Century-old weather records and snow and ice data collected by Alfred Wegener during his Greenland expedition are helping scientists to better understand climate change
The unique treasure trove of data from Alfred Wegener’s third Greenland expedition in the years 1929-1931, safely stored in the archives of the University of Graz, Austria, has been virtually ignored by science until now. A team of scientists from the university studying climate change in Greenland recognised the potential of these historical observations and linked them to current measurement data and reconstructions from models of how the climate is behaving.
“We discovered several hundred pages of previously fallow measurement results collected by Alfred Wegener on his Greenland expedition nearly a hundred years ago,” Jakob Abermann, a University of Graz climate researcher and lead author of the study, said in a news release. “It is amazing how well the measurements agree with the modelling in many variables.”
What was particularly exciting for the research team was that Wegener’s 1929-1931 expedition coincided with an exceptionally warm period from which hardly any data have been available, according to Dr Abermann. Comparisons with today are therefore particularly relevant.
In the summer of 2022, Dr Abermann and his team began repeating Wegener’s data collection. From Qaamarujup Sermia, a glacier on the western coast of Greenland, to the Eismitte station set up by Wegener at the centre of the ice sheet, the researchers collected data on things like glacier morphology, meteorology, snow and firn — snow that has been partially compressed into glacial ice — temperatures and density, and ice conditions in the fjord.
When comparing the data, the team found that the Qaamarujup Sermia has changed significantly. The glacier has retreated by more than two kilometres and its thickness decreased by up to 120 metres. Similarly, firn temperatures have increased significantly since Wegener’s expedition, and the density of snow and firn has remained similar or decreased.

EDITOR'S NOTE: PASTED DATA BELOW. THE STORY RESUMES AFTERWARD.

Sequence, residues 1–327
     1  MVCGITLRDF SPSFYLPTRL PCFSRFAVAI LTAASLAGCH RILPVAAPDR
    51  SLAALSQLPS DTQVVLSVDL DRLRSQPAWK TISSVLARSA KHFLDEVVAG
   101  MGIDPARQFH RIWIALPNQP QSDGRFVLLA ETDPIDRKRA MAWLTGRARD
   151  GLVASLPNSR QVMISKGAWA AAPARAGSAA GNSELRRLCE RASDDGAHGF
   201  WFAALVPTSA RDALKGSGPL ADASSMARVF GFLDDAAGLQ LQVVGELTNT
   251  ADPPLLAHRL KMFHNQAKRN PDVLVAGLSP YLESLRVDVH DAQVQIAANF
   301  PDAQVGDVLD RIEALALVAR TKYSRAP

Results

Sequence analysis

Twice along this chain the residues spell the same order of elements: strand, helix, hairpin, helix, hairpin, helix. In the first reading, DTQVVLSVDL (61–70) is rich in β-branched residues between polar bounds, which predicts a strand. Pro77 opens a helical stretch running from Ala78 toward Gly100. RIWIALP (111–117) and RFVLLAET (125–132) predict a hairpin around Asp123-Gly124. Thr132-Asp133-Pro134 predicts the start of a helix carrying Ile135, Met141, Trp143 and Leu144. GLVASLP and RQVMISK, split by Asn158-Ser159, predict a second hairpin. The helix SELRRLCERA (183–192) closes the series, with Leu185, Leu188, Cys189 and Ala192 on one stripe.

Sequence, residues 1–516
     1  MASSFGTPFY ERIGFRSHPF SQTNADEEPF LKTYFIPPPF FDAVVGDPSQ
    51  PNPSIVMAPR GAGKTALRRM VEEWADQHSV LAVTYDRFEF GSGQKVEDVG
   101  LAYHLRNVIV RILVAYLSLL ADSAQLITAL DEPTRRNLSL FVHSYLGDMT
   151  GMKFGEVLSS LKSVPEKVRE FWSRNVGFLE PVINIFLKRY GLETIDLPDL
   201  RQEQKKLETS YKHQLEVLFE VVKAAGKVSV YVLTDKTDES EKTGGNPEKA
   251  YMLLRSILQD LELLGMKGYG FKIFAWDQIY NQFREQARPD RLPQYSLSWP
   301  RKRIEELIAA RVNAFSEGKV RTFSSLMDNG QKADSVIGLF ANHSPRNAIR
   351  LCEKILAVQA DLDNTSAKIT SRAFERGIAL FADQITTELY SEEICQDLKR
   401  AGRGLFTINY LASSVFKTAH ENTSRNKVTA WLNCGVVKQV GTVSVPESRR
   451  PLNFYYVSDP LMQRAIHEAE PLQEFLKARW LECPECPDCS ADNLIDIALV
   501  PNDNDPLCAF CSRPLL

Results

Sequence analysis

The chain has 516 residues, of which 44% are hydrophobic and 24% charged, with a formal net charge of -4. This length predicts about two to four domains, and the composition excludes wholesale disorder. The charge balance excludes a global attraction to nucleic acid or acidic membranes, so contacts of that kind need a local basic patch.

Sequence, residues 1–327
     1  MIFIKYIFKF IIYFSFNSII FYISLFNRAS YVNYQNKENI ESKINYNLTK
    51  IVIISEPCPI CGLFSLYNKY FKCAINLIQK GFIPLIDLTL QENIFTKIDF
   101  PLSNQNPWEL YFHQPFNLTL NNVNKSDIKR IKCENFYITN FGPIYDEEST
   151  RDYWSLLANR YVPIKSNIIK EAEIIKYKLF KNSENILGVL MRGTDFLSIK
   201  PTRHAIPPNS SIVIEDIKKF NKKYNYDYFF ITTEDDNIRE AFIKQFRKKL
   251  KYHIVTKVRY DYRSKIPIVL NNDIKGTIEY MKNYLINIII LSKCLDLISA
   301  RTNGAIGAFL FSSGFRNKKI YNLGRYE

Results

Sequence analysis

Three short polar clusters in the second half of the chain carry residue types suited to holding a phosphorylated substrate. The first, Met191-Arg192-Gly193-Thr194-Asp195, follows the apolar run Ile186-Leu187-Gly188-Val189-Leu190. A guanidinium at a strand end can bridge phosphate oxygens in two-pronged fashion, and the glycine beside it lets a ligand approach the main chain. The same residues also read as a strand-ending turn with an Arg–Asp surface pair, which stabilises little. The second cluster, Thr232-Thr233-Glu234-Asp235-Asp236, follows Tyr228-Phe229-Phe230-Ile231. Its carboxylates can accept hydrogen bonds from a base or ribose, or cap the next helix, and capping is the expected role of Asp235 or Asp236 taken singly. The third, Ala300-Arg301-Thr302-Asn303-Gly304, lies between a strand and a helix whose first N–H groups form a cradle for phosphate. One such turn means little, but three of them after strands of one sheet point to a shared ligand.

The snowline was at about the same elevation as in the extremely warm years of 2012 and 2019. In addition, the researchers found that, compared with today, there was considerably less fjord ice in the early spring of 1930, but considerably more in late spring of that year.
The 2022 expedition was preceded by the digitisation of the results from the Wegener expedition. The data are now freely available in the original resolution together with the scanned original reports. The next phase of the project, the researchers will use new technologies to gain deeper insights into the interactions between the surface ice and the atmosphere.
“In addition to conventional methods, we are primarily using artificial intelligence and deep learning here to identify patterns and correlations in the data,” said Andreas Trügler, an AI-processes expert with Know Center Graz and co-author of the study.
Wegener was an extraordinary scientist who became famous after his death for his theory of continental drift. A meteorologist, geophysicist and polar explorer, he was mainly interested in polar meteorology. He died in November 1930 during his third expedition to Greenland, presumably of heart failure.
The current study appeared in Nature Scientific Reports as part of the multi-year “WEG_Re – Centennial Climate Drivers of Glacier Changes in Greenland” project. The project is led by the University of Graz and involves the participation of Know Center Graz, the University of Alaska Fairbanks and GEUS (Denmark).
Julia Hager, PolarJournal
J. Abermann, B. Vandecrux, S. Scher et al.: Learning from Alfred Wegener’s pioneering field observations in West Greenland after a century of climate change, Scientific Reports https://www.nature.com/articles/s41598-023-33225-9
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